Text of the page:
Jack Arnold didn't make too many movies in Cinemascope, but when he did, he knew how to fill the screen with useful picture information -- just check out High School Confidential, in case No Name on the Bullet isn't proof enough. There isn't a shot or a frame that wastes any of the space accorded him by the widescreen image. All of that, plus the superb pacing (nothing drags in this picture and, if anything, some moments seem slightly too brisk) and the fine acting (led by R.G. Armstrong as the hero's father), make this movie work extremely well. In the process, Arnold manages to cross swords with Fred Zinnemann's High Noon, depicting the fragility of the civil order in the West, even the late, almost modern West of long-settled towns; Lordsburg is depicted as being a lot like Hadleyville in the earlier movie, a town "small enough to be comfortable in, but big enough to have a future." It also benefits from Audie Murphy's understated acting in the film; for this movie, he had unknowingly adopted a style that later served Steve McQueen and Chuck Norris well, letting those around him do most of the acting (and the talking -- he doesn't have 300 words of dialogue in the whole movie) while he remains the center of attention. It's all a pretty compelling 77 minutes of viewing, and a provocative little Western.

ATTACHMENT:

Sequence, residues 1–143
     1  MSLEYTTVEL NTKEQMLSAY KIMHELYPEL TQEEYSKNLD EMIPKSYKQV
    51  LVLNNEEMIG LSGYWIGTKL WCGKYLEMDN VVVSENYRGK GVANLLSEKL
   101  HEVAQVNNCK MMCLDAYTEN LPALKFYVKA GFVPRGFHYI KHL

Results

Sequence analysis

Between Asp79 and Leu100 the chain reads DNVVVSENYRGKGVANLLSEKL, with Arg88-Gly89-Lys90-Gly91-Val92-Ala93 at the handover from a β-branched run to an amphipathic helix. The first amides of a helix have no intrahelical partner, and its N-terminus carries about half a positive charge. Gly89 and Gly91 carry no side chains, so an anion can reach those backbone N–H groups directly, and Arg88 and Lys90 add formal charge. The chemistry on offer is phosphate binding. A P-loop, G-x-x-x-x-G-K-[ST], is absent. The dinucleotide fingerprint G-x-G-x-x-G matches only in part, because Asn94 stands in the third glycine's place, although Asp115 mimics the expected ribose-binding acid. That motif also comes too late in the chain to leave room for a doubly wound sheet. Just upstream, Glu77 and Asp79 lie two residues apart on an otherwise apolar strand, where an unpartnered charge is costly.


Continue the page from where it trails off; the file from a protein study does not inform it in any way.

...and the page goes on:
by Bruce Eder review